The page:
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China Criticized In U.S. Debates, But Stays Close

With the final presidential debate on Monday tackling foreign policy issues, surely China will be a familiar topic. It seems every four years, the U.S. relationship with China takes a beating during campaign events. Host Guy Raz speaks with James Fallows of The Atlantic about why candidates attack China yet presidents always balance their rhetoric.

Tourist Deaths Raise Poison Expert's Suspicions

Over the past few years, a string of young tourists, mostly Western women, have died mysteriously in Southeast Asia. One science writer and poison expert says a popular cocktail may hold a clue.

Hopes Rise For Girl Shot By Taliban

Just three and half weeks ago, Pakistani teenager Malala Yousafzai was shot in the head by the Taliban. Weekend Edition host Scott Simon talks with NPR's Philip Reeves about the condition of the young girl who has become a poster child for the Talban's brutality.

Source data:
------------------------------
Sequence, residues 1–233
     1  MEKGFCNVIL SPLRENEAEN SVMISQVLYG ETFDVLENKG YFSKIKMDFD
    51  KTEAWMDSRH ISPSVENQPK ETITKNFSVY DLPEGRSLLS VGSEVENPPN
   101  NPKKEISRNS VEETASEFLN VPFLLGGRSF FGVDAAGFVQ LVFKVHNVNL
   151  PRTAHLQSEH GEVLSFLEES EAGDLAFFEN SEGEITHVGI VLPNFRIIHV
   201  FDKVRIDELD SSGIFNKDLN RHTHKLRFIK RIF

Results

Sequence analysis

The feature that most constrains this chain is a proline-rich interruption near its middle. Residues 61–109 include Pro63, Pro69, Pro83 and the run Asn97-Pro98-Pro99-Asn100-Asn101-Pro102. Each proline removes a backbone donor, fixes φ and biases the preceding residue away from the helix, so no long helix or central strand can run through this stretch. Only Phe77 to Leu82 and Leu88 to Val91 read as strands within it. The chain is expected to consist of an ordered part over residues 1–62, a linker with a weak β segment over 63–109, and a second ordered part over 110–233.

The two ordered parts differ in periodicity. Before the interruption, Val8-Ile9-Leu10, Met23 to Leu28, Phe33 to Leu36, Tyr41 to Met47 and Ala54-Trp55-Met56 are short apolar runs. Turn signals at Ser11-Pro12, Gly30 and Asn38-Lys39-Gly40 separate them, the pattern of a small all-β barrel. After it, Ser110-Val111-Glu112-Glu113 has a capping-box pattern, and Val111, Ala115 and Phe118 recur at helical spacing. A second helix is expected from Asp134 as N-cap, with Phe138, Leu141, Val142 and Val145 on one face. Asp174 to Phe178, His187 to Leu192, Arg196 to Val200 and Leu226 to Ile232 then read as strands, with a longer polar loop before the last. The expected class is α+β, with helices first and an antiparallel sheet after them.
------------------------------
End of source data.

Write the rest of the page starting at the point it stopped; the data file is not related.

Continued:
Amid Calls For Reform, China Waits For New Leaders

As China prepares for a once-in-a-decade leadership transition, pressures are mounting for the party to change. Discontent over stalled political reforms, a U-turn in economic policy, and a political scandal involving murder and corruption suggest change is expected — but it could be only limited in scope.

'The Revolutionary': An Unrequited Love For China

Sidney Rittenberg is one of the only American citizens to have joined the Chinese Communist Party. Though he was imprisoned for 16 of his 35 years in China, he still regards Chairman Mao as both hero and criminal.

German Lawmakers Move To Quell Uproar Over Circumcision

A German regional court effectively banned circumcision this summer after ruling that the ancient practice amounts to assault. That fueled accusations of religious intolerance in a country still haunted by its Nazi past. Now lawmakers are pushing through a bill to make circumcision legal.